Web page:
Group Discussions: When We Do and Don’t Use Them

Image courtesy of Pixabay.

Picture this. You have no clue how to solve an expert-level Sudoku puzzle and are given two options: you can either ask a group of five people to work together on it or ask five individuals to solve the puzzle independently. Which do you choose? 

At Yale, Professor of Psychology and Linguistics Frank Keil and PhD student Emory Richardson presented people with scenarios just like this, contrasting group discussion with crowdsourcing–getting information from a large group of people. “You can think of this as a choice between two network structures: in the group, everyone can influence everyone else. In the crowd, you get independent answers, which means that you avoid groupthink, but you also miss out on the benefits of sharing information,” Richardson said.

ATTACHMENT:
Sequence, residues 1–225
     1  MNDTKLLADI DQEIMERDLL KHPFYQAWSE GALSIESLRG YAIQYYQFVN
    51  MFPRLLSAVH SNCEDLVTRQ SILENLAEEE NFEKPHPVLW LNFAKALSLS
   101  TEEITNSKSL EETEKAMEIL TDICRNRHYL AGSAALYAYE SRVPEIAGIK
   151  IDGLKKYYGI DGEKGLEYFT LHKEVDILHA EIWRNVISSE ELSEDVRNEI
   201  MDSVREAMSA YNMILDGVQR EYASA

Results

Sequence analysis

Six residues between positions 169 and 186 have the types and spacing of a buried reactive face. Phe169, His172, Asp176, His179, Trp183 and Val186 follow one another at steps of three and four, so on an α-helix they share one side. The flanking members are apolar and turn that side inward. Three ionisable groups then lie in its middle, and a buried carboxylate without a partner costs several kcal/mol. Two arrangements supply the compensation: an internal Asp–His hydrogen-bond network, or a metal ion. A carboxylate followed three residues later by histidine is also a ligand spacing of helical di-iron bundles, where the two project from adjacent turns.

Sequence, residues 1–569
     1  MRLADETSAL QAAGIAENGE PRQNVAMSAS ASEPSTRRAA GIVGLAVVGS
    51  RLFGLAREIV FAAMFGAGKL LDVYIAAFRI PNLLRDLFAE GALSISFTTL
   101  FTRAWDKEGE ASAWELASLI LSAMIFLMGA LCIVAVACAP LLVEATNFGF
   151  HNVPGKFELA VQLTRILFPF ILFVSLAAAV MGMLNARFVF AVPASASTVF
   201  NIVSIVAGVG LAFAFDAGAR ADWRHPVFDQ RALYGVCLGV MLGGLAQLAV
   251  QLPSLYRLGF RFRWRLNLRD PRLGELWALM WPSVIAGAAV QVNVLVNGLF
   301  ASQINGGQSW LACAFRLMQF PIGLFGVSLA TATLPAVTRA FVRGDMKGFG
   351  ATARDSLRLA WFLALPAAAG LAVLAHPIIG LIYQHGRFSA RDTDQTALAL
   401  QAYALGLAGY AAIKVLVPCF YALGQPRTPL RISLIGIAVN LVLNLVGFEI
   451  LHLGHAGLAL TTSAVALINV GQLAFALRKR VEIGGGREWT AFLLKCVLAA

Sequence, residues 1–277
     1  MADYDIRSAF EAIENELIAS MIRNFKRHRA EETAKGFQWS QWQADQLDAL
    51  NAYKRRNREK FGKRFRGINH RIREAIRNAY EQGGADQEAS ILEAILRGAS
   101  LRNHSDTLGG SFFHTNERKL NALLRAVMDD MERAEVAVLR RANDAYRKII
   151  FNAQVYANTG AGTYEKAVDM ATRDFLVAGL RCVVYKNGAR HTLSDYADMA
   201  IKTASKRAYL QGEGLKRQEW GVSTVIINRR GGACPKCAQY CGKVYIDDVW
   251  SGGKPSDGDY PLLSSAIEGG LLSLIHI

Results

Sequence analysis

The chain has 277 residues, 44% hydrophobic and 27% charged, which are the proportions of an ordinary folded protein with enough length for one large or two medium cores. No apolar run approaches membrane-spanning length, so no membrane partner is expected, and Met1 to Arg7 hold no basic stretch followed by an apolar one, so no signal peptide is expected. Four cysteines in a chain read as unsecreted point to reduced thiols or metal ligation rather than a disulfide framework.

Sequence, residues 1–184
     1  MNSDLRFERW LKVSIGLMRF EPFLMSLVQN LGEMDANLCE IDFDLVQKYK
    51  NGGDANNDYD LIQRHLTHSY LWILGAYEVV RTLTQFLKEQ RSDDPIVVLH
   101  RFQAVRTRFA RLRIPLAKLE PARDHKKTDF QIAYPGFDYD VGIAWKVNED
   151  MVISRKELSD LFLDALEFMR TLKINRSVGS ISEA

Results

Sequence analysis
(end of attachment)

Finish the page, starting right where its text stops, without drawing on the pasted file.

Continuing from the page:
Richardson and Keil showed kids and adults three types of questions: questions they could answer conclusively through explicit reasoning (e.g., solving a sudoku puzzle), and two kinds of questions for which reasoning would not be enough—popularity (e.g., what most people in the world say their favorite fruit is) and hard perceptual discrimination (e.g., determining whether an opaque box contains thirty or forty marbles just by listening to a recording of it being shaken). They found that even six-year-olds prefer reasoning in groups just as strongly as adults. However, while they are more likely to crowdsource to answer the “non-reasoning” questions, younger kids are less sensitive to the risks of thinking as a group than adults. “Intuitions about when to collaborate in groups and how to structure our groups could be part of what makes our species so successful,” said Richardson.